Some movies are destined for cult status before they even have the chance to succeed with the mainstream. The textbook example for this would be The Adventures Of Buckaroo Banzai Across The 8th Dimension. Even the title seems to be a dare. It certainly doesn’t in any way hide the movie’s niche nature. That long rambling moniker either entices you with what strange wonders lie within or scares you away with unabashed geekiness. It’s no surprise that Buckaroo Banzai failed at the box office in 1984. You can’t even call the movie ahead of its time. W.D. Richter’s campy sci-fi rock n’ roll odyssey was destined to only ever appeal to weird freaks who would trade VHS tapes in hushed tones while the larger world happily ignored the flick’s very existence. Thankfully, that gang of weirdoes grows every year and now Buckaroo Banzai is beloved enough that a TV series spin-off is on the way. That’s hard to imagine for even the biggest Buckaroo fan and I suppose that’s why Shout Factory was kind enough to lavish the movie with one of their finest Blu-ray releases to date.
So…how to even describe the plot. It’s tough. The movie opens with a backstory crawl so convoluted that most viewers end up lost before the movie even beings. Maybe that’s the point. The basics are that Peter Weller stars as the titular Buckaroo, a rock star/scientist/superhero/everything else who discovers a way to defy the laws of physical matter and burst through to the 8th dimension. That achievement infuriates Dr. Emilio Lizardo (John Lithgow with an accent and hairdo wild enough to live up to that name) who attempted to break through to the 8th dimension in 1930s and can’t believe Buckaroo beat him to the punch. Lizardo decides to get revenge and starts charging himself with electrodes to beat his heroic nemesis. Now, that doesn’t make a whole lotta sense and I assure you that everything else that follows in this bonkers plot is actually even more insane.
Buckaroo Banzai is one of those movies that is so uniquely bizarre and pitched to it’s own tone that you’re either onboard or not within an instant. There’s no pandering here and even less in the way of rational explanation. The movie is what the great Moe Szyslak once described as “weird for the sake of weird” and gloriously so. It’s hard to say what screenwriter Earl Mac Rauch had in mind when he whipped up this one except for every conceivable cultural influence that appealed to him at the time. That it fell into the hands of director (writer of Big Trouble In Little China, and the 70s Invasion Of The Body Snatchers) was likely for the best. He turned it all into deadpan comedy, both self-mocking and self-aggrandizing. It was myth-making that treated every element of that myth as a glorious joke.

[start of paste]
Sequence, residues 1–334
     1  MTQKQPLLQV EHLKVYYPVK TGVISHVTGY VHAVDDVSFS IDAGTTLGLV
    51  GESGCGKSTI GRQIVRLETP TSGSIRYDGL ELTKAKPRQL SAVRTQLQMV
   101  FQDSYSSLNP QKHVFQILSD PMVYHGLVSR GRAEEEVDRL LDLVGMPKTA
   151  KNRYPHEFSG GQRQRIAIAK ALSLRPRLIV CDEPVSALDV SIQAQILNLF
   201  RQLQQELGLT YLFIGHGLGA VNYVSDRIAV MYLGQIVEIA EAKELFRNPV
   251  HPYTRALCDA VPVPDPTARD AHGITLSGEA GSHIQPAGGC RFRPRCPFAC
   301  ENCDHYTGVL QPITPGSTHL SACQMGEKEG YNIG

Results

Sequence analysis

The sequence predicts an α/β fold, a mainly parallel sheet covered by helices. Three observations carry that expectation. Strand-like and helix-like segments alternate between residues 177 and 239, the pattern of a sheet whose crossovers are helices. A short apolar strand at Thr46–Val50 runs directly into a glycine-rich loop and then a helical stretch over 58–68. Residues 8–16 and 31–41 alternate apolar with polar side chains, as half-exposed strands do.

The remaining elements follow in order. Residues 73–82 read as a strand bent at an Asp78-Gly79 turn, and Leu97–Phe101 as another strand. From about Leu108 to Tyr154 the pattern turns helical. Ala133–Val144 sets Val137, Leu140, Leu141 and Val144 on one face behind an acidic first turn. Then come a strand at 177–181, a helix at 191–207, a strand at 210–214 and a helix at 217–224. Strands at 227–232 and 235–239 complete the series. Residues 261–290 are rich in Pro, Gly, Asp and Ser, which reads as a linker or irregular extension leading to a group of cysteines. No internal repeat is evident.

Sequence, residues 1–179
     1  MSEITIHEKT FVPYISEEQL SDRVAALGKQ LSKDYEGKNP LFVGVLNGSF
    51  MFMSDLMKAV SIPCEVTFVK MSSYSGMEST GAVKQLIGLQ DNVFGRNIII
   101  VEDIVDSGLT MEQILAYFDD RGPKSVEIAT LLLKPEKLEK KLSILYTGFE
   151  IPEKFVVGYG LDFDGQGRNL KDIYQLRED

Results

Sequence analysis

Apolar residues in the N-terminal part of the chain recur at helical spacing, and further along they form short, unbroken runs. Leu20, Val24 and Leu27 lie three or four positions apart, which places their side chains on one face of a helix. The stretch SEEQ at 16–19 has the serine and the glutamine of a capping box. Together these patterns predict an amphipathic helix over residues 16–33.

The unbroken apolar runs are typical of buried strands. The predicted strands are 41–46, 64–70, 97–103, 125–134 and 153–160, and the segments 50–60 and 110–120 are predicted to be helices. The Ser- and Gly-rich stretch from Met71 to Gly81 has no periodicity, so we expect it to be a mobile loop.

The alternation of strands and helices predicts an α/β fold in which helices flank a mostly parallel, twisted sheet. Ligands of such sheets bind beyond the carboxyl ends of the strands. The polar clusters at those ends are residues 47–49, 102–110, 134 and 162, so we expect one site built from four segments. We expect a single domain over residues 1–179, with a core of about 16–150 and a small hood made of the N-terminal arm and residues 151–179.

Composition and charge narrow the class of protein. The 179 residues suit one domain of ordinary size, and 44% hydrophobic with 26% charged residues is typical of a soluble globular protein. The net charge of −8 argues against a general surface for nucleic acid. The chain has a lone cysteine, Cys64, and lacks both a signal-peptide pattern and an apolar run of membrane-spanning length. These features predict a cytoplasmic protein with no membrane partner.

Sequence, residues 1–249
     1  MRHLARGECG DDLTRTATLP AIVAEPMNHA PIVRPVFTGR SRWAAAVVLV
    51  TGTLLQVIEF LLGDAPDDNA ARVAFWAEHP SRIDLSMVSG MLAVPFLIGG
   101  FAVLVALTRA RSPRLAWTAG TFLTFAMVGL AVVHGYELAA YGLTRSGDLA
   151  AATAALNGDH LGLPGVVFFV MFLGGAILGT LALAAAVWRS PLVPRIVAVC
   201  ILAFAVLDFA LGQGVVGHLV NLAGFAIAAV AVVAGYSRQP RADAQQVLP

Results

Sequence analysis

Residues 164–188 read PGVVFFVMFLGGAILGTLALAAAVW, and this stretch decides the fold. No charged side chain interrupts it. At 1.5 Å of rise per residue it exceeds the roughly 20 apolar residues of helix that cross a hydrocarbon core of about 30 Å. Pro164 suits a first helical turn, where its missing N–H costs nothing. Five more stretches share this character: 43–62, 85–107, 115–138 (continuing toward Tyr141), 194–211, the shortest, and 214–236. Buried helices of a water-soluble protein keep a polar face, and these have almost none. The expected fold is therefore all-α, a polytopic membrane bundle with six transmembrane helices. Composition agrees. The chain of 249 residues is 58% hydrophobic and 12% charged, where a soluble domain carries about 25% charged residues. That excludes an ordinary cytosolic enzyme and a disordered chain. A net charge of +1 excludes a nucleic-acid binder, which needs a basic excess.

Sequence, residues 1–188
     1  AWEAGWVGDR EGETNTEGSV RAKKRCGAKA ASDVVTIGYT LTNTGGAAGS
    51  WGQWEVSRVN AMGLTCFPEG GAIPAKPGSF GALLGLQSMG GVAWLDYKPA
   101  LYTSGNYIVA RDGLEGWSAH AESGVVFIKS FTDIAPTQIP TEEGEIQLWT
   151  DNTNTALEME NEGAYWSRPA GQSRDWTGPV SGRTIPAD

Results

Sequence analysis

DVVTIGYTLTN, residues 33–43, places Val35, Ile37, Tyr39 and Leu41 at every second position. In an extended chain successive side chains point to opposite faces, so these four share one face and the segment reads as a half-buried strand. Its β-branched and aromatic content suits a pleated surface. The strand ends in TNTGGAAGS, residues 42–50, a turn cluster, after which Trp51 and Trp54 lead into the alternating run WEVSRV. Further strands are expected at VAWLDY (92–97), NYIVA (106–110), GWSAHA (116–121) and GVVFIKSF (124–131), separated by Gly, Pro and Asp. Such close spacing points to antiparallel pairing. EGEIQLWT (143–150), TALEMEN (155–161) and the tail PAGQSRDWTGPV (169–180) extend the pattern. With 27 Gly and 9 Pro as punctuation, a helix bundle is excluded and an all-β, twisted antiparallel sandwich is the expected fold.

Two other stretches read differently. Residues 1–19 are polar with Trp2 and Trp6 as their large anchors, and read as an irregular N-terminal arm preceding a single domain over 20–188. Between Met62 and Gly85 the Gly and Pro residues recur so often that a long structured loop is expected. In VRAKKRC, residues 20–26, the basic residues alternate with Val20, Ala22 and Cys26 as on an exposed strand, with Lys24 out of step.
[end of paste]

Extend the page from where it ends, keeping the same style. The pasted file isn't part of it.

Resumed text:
The movie is a wild of collage of influences, ideas, characters, effects, and asides. If you’re confused or bored for a minute, stick around because the movie is sure to fly off in some new wild direction soon enough. While Buckaroo Banzai was clearly made with more imagination than money, the trippy low-fi effects and visuals only add to the charm of the piece. There’s a tackiness to it all that is wonderfully sincere. Weller anchors the proceedings with an authoritative performance that at least suggests he understands everything that’s happening (unlikely), Lithgow goes farther over the top than he even did for DePalma to deliver glorious overacting of Cage-ian heft, and then Jeff Goldblum wanders around being himself because that fits in just fine. It’s unclear how many members of the cast are in on the joke of Buckaroo Banzai, but even when a confused day player plays it straight, that kind of adds to the off-kilter charms. I can’t in good conscious describe Buckaroo Banzai as a masterpiece because even now after several viewings over a number of years, I’m still not 100% what the movie is supposed to be. However, I applaud the film for being it’s own weird, wacky, unpredictable self all the same. There’s certainly nothing else like this Buckaroo Banzai and it’s a miracle that it even exists.